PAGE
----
Marlins reach three-year, $27M agreement with Heath Bell

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The run on high-priced free agent closers rolls on.

According to Jayson Stark of ESPN.com, the Marlins have reached agreement on a three-year, $27 million contract with veteran righty Heath Bell.

His contract also includes a vesting option for 2015.

Bell has managed a 2.36 ERA and 1.16 WHIP over the past three seasons in San Diego and is likely to do a fine job at the back end of the Miami bullpen over the duration of his new three-year deal, but $9 million annually is a steep price for a team with many other holes that need patching.

Then again, the Marlins probably aren’t done spending.

The deal will be finalized after Bell takes a pre-signing physical Friday in Miami. Juan Carlos Oviedo (er, Leo Nunez) is likely to be non-tendered this winter. He’s still working on re-entering the United States.

UPDATE, 11:59 PM: FOX Sports’ Ken Rosenthal says the vesting option for 2015 is worth $9 million.

Alex Wood to try pitching out of the stretch

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Pedro Moura of The Athletic reports that Dodgers starter Alex Wood plans to pitch out of the stretch throughout the 2018 season. Wood got the idea when he watched Nationals starter Stephen Strasburg pitch against the Dodgers.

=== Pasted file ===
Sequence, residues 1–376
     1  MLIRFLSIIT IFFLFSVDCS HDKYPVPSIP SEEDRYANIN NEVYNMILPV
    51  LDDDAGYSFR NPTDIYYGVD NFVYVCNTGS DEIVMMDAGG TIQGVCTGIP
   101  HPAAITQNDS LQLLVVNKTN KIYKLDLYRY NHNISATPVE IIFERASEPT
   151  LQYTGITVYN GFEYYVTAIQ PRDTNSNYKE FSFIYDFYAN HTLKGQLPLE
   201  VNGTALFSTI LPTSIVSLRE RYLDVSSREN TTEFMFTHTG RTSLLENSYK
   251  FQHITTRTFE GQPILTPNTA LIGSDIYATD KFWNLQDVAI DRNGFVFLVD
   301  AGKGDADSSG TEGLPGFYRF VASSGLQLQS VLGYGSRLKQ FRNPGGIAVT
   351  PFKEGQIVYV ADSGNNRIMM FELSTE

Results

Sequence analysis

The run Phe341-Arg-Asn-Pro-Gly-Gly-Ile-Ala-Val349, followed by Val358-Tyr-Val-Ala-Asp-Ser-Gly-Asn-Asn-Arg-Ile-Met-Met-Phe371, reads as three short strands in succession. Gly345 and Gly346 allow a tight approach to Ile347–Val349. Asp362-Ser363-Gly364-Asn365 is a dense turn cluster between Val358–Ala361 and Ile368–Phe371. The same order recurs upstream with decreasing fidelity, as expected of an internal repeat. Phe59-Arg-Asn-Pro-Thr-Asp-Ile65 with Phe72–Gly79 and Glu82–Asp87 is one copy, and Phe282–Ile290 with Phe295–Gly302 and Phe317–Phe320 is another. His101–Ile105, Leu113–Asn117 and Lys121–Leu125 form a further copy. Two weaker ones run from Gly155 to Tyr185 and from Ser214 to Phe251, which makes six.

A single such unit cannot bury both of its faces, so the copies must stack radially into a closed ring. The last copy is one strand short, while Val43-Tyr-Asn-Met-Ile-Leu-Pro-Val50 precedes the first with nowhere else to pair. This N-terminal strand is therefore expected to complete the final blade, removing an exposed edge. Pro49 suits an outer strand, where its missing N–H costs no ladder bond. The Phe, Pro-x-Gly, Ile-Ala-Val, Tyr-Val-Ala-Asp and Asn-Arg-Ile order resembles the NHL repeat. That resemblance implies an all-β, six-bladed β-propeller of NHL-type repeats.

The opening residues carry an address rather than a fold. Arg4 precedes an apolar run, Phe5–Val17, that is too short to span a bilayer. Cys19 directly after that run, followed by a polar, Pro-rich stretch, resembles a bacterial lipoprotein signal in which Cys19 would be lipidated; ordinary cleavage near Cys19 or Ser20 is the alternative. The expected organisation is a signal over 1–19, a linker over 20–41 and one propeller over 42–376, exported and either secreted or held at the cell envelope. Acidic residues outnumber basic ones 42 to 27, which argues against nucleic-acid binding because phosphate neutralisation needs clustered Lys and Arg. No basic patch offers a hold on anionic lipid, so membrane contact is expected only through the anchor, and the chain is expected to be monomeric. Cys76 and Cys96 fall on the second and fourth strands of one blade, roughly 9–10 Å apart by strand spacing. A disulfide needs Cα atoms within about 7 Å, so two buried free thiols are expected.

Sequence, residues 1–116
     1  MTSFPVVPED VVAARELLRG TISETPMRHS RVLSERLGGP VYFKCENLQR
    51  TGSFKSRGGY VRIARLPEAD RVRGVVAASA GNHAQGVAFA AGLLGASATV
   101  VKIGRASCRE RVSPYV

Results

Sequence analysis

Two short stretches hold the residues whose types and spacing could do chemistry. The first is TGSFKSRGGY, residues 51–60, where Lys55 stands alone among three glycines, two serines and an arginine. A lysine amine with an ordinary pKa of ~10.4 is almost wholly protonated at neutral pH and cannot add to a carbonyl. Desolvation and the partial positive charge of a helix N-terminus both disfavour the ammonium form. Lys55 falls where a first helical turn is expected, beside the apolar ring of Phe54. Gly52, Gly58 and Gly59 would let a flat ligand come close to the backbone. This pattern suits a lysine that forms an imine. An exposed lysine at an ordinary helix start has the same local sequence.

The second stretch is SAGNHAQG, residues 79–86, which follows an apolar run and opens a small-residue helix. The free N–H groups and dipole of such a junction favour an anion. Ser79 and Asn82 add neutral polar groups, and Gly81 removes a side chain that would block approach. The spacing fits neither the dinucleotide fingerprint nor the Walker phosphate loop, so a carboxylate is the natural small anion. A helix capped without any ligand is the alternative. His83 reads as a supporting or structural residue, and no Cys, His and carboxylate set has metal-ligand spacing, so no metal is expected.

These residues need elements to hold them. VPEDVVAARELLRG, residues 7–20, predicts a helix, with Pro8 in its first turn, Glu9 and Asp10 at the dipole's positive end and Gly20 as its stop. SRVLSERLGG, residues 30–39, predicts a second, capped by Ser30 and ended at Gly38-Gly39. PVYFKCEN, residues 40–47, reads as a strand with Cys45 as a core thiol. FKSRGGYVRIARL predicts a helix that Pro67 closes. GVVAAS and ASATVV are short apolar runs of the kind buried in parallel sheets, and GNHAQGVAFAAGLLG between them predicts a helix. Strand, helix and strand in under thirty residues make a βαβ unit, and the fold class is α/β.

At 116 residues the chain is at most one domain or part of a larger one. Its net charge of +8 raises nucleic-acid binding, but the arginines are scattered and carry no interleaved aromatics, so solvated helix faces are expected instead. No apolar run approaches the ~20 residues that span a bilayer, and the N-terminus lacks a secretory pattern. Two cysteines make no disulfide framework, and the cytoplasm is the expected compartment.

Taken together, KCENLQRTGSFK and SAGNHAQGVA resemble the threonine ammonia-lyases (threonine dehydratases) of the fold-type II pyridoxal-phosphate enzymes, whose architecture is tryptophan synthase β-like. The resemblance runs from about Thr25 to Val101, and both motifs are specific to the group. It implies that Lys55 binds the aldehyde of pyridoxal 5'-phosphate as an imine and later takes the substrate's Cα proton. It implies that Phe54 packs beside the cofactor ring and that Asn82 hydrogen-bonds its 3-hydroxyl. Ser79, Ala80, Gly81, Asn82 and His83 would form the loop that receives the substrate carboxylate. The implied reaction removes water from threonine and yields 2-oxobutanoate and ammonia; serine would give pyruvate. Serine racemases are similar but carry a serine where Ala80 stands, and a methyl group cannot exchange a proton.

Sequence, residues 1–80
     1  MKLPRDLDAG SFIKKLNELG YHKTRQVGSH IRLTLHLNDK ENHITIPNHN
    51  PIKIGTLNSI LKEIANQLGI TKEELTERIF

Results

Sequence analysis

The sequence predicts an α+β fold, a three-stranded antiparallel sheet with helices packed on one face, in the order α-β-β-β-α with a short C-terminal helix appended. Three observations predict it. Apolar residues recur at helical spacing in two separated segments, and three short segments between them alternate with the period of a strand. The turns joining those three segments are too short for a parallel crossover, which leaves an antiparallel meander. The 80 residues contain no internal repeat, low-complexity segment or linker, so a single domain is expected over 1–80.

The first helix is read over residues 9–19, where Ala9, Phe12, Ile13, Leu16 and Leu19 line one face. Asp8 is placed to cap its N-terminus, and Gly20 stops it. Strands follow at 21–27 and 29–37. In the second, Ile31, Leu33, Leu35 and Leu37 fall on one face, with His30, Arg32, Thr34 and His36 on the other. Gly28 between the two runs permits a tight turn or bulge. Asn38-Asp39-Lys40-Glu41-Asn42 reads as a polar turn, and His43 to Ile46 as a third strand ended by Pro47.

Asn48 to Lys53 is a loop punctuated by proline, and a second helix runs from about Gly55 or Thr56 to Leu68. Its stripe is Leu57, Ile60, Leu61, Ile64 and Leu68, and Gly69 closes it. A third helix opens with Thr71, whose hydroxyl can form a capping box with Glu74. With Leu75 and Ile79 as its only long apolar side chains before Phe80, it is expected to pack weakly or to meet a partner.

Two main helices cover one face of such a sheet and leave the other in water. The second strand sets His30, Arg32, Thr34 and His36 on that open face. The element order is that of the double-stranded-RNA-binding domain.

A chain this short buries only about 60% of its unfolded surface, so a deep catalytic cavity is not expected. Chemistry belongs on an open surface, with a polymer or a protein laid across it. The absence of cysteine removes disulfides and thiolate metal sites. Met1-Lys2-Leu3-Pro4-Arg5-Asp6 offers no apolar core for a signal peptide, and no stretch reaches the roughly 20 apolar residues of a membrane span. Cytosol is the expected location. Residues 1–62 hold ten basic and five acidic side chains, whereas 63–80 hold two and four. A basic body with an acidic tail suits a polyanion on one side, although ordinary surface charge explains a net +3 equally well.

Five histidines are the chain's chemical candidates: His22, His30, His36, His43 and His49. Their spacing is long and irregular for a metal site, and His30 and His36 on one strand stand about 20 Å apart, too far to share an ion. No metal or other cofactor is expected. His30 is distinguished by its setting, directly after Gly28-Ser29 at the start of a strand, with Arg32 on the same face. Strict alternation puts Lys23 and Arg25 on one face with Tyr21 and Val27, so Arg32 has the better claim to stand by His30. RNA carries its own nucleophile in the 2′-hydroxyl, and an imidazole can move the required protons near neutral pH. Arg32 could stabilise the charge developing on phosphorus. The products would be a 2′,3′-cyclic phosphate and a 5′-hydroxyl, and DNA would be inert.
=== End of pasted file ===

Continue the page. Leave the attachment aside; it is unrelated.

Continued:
Wood, 27, finished last season 16-3 with a 2.72 ERA and a 151/38 K/BB ratio in 152 1/3 innings. That’s a mighty fine season, one in which many pitchers would not dare to mess with something that isn’t broken.

Interestingly, Wood indeed has had better results with runners on base — when he would pitch out of the stretch — as opposed to the bases being empty, with a respective OPS allowed of .523 versus .684, respectively. Over his career, he has allowed a .617 OPS with runners on and .706 with the bases empty.

In response to Moura’s tweet about Wood, retired pitchers Dan Haren and Jered Weaver took the opportunity to burn themselves. Haren tweeted, “I pitched a few seasons completely out of the stretch actually, just not by choice.” Weaver responded, “Sometimes I would just step off and throw the ball in the gap myself because I knew the hitter would do it anyways.”